Swiss stores pull meat over horse cruelty claims
Malcolm Curtis · 20 Feb 2013, 21:36
Published: 20 Feb 2013 21:36 GMT+01:00
- Horsegate scandal engulfs food giant Nestlé (19 Feb 13)
- Swiss stores yank more 'horsemeat' products (18 Feb 13)
- Horsemeat confirmed in Coop frozen lasagne (13 Feb 13)
The Kassensturz public affairs program, broadcast on Tuesday night by German-language broadcaster SRF, showed images of emaciated, beaten and bloody horses, transported in cramped conditions without access to water.
The images were obtained by the Zurich Humane Society (TSB) which conducted an investigation into where retailers such as Migros, Coop, Aldi, Lidl, Volg and Spar obtained their horsemeat.
The result of the investigation “clearly shows the torment involved in the horsemeat production,” said York Ditffurth, TSB president said in a statement on the society’s website.
Swiss retailers import around 5,000 tons of horsemeat — 90 percent of that consumed in Switzerland — from foreign sources that are difficult to trace, the society said.
But the group managed to track down the suppliers and monitored the treatment of the horses, the food they received, in addition to their conditions of transport and slaughter.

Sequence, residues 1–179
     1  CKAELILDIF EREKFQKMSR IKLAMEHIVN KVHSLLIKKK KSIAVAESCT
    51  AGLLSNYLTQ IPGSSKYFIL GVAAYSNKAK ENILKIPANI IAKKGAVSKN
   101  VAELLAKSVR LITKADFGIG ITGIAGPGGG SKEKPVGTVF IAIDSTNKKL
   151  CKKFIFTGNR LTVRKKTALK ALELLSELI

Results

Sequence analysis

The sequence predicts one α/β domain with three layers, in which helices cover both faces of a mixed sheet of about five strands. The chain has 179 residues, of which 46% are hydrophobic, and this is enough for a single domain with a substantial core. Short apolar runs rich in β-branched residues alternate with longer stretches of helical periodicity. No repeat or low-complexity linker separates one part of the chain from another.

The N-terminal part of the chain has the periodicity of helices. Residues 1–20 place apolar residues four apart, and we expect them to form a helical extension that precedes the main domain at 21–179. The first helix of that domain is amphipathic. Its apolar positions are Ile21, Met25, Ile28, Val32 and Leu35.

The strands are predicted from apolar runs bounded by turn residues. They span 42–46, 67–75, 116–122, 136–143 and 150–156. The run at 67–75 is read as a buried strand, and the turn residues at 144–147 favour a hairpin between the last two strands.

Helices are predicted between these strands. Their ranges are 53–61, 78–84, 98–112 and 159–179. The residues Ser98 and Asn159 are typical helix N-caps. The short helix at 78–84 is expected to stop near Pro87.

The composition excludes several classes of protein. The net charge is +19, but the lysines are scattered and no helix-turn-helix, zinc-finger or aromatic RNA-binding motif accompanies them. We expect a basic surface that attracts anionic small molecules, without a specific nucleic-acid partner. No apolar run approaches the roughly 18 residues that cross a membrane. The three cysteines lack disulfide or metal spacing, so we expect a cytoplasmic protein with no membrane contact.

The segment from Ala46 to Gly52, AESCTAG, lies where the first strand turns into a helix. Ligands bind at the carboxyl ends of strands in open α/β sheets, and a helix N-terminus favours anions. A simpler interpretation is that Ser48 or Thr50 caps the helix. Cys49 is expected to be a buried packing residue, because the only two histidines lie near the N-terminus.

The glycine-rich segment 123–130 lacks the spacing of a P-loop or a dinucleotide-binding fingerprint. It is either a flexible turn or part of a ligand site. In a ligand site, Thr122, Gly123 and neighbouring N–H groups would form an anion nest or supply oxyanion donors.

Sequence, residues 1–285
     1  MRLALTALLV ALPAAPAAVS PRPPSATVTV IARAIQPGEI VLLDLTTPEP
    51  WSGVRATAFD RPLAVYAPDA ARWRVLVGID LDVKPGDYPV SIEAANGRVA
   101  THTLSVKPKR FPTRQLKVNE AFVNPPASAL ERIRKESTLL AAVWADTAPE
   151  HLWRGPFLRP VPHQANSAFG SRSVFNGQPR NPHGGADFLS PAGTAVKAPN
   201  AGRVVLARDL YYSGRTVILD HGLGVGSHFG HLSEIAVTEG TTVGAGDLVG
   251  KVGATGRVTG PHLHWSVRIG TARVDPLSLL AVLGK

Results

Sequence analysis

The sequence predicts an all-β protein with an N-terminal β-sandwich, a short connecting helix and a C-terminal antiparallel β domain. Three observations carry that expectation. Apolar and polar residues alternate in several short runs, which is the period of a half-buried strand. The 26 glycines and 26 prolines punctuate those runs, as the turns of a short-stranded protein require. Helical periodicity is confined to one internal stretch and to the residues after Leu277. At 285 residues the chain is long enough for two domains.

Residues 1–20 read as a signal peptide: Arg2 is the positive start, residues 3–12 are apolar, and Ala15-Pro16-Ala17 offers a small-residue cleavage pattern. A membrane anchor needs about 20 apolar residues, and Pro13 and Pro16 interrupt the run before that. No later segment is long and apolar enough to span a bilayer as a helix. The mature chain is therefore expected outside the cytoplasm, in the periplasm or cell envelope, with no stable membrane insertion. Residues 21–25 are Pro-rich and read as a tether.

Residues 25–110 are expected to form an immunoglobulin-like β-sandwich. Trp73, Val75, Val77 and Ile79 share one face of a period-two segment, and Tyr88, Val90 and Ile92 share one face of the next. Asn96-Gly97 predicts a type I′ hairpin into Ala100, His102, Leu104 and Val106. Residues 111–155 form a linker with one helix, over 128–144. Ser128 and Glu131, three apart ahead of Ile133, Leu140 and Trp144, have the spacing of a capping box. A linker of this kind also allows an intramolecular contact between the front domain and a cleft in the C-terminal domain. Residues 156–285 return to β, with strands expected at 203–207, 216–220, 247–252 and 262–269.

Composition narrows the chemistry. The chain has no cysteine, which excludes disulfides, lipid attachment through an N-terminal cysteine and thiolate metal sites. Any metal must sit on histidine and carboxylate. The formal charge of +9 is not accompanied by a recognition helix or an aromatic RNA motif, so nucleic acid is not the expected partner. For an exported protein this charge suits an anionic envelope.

The results showed that neither Swiss nor European Union standards were being maintained with horses lacking veterinary care, with sick and dying animals left to care for themselves, the society alleged.
The Kassensturz program showed images of brutal transport of horses from the US — where slaughterhouses no longer process horsemeat — to abattoirs in Canada and Mexico.
Most retailers immediately decided to stop selling horsemeat products, as a precaution until the facts about their origin are clarified.
Volg, Denner, Aldi, Spar and Lidl are no longer selling the products, SRF said.
Coop said it has withdrawn such products as dried horsemeat from its stores until its procurement policies can be met.
But it is continuing to sell fresh horsemeat supplied from sources in France and Poland.
Migros has withdrawn some horsemeat products but said it continues to buy products from a Canadian supplier, for which it has full confidence.
The development is the latest wrinkle in a scandal that previously was confined in Switzerland to the mislabelling of frozen or prepared beef products that contained horsemeat.
It also raises further questions about supply chains for food retailers, manufacturers and distributors.